Do Corridors Have Value in Conservation?

Do Corridors Have Value in Conservation?

“Do Corridors Have Value in Conservation?”

Original Case Study by Andrea Bixler (modified)

Part I – Introduction and Review of Relevant Biology

In 2008, conservation groups filed petitions with the Supreme Court to stop the U.S. government from building a fence along the U.S.-Mexico border. The Court refused to consider the issue because of security threats. What was the environmental argument against the fence? While it was intended to stop drug smugglers and illegal immigrants from crossing the border, the fence would also restrict movement of endangered jaguars (Panthera onca).

Often top carnivores are species that are endangered. They are found in very small numbers, often with very small geographic distributions. These organisms are at higher trophic levels, and can only receive 10% of the energy from the level below. For an animal like the jaguar, which as an adult may weigh 45–115kg (100–250 pounds) and eats only meat, a large home range is necessary in order to locate sufficient food. They are known to move 2–3 km/day (1.2–1.8 miles), and even farther in the dry season. Conservation groups charged that building an 1127-km (700-mile) fence along the southern border of the U.S. would make it more difficult for jaguars to cover the ground they need. Besides restricting their movements in search of prey, a barrier could prevent jaguars finding each other in order to breed. This can start causing population to inbreed, which greatly reduces the genetic diversity of the population birth defects, stillbirths and in some cases infertility,

Part I Questions

1. Why is it more difficult for top carnivores to obtain sufficient energy resources than it is for animals lower on the food chain?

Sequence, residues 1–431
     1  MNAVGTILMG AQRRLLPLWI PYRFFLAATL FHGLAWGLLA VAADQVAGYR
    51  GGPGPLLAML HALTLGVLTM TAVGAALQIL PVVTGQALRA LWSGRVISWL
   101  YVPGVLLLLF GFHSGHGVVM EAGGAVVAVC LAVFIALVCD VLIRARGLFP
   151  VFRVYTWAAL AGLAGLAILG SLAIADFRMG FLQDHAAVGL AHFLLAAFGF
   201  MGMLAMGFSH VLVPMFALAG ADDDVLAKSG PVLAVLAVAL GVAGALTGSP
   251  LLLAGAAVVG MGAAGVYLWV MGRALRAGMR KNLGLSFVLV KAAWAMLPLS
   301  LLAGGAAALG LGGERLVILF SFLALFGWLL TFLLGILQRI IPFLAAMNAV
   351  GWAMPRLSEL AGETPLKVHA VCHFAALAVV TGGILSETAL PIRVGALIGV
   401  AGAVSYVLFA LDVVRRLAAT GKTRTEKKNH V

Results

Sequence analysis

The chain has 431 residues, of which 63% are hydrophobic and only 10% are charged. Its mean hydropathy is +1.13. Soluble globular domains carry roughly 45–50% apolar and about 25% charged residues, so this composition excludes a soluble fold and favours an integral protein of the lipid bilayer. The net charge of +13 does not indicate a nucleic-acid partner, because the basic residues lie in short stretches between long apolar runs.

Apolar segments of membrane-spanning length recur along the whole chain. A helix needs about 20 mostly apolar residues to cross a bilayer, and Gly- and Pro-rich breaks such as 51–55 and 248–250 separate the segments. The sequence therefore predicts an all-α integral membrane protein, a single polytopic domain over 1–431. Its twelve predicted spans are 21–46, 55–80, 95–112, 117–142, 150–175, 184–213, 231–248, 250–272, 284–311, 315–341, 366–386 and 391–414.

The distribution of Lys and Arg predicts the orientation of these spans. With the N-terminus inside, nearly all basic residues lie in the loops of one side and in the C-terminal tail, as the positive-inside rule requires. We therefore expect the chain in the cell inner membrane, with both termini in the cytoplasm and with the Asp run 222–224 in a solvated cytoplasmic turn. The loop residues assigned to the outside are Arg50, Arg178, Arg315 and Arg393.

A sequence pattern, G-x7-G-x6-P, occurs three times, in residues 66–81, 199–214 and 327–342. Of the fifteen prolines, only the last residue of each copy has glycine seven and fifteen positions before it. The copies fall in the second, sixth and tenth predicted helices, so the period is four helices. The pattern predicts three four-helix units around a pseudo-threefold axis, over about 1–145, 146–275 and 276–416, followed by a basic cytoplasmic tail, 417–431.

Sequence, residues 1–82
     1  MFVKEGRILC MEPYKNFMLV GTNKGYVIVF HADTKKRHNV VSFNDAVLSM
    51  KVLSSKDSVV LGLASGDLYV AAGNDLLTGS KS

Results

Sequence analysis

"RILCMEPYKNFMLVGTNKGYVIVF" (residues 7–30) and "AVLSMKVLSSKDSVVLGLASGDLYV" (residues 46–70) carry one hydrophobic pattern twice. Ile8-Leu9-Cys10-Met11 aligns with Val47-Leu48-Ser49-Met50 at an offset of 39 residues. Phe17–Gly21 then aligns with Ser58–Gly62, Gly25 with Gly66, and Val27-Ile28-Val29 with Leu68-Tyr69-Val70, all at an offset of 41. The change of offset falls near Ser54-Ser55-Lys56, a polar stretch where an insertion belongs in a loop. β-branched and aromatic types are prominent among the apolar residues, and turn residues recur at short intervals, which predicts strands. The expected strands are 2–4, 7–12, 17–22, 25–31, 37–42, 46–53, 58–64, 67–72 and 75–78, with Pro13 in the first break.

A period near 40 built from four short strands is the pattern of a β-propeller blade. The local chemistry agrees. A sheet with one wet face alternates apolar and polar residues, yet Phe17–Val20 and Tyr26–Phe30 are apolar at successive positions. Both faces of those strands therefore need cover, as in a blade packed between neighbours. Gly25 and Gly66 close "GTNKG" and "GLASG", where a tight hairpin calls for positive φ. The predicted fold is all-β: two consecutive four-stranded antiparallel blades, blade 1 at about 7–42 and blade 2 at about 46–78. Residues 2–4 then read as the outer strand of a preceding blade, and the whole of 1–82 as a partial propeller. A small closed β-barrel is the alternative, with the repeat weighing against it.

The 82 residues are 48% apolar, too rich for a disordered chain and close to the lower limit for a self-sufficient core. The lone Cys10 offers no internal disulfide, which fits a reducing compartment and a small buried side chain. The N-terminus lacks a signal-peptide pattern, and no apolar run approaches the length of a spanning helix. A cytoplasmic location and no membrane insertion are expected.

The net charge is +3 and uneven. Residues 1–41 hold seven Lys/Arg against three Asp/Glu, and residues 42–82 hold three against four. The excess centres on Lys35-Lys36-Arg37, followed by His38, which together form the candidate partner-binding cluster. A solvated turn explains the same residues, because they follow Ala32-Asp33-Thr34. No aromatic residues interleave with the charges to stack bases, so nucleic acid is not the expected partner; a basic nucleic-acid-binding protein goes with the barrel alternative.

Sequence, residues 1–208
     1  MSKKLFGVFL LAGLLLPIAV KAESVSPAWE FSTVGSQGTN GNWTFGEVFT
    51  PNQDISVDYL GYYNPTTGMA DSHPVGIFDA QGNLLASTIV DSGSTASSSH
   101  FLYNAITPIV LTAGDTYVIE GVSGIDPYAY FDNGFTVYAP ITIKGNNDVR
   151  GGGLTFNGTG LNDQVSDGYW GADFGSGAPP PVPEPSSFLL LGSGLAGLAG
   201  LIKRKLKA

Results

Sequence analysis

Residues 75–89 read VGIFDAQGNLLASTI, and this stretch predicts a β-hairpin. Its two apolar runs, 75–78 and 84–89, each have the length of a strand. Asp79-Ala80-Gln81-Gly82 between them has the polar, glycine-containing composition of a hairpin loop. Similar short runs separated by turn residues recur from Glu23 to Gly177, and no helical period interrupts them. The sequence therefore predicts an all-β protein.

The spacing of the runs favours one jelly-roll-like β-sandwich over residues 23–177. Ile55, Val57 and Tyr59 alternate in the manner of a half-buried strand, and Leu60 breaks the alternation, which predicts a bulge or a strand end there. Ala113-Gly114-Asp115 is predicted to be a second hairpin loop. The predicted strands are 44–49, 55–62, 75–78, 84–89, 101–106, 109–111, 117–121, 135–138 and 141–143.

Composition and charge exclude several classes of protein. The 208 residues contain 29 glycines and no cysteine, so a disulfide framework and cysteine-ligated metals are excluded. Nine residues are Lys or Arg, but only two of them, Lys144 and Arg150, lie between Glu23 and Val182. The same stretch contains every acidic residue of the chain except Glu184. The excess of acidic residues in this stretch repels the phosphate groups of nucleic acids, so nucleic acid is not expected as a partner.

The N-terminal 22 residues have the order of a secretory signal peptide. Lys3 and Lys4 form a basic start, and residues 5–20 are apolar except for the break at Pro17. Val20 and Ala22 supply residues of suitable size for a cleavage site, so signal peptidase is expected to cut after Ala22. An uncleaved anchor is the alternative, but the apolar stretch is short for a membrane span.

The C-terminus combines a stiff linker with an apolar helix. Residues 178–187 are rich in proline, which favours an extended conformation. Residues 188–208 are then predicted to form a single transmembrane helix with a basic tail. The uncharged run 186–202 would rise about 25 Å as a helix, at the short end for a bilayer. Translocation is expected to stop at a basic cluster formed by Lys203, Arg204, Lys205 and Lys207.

2. Why is inbreeding more commonly seen in smaller isolated populations than in larger ones? How does inbreeding cause problems?

3. What factors discussed above might reduce the number of breeding jaguars?

4. Is it important for people to try to protect endangered species? Why?

Part II – Nature Preserves and Corridors

No one knows how many jaguars there are in the U.S. or Mexico, but it is doubtful there are enough to maintain a healthy population for long. And inbreeding and genetic drift make their population more susceptible to disease and environmental changes. Obviously, nature preserves are ideal for protecting endangered species and their habitats. But it is not always possible to create adequate protected areas. As an alternative, environmentalists have suggested that elimination of barriers within the geographic ranges of endangered species might boost their survival through both greater habitat availability and increased genetic diversity. However, if there are no actual fences preventing species movements, there may still be human-made obstacles such as roads, urban sprawl, or agricultural areas.

The theory of island biogeography describes an "island" as any area of suitable habitat surrounded by an area of unsuitable habitat. While this may be a traditional island—a mass of land surrounded by water—the term may also be applied to many untraditional "islands", such as the peaks of mountains, isolated springs in the desert, or expanses of grassland surrounded by highways or houses. The basic theory of Island biogeography states that on larger islands there is a larger number of species, while smaller islands have less species diversity. Islands that are closer to the mainland will have greater immigration and therefore greater diversity. Isolated populations far from other habitats may follow different evolutionary routes, as shown by Darwin's observation of finches in the Galapagos Islands. We often see “Islands” as fragmentized habitats. Habitat fragmentation is dangerous because it increases the amount of “edge” of the habitat. Edges are in danger from air, noise pollution, light pollution, increased car and foot traffic.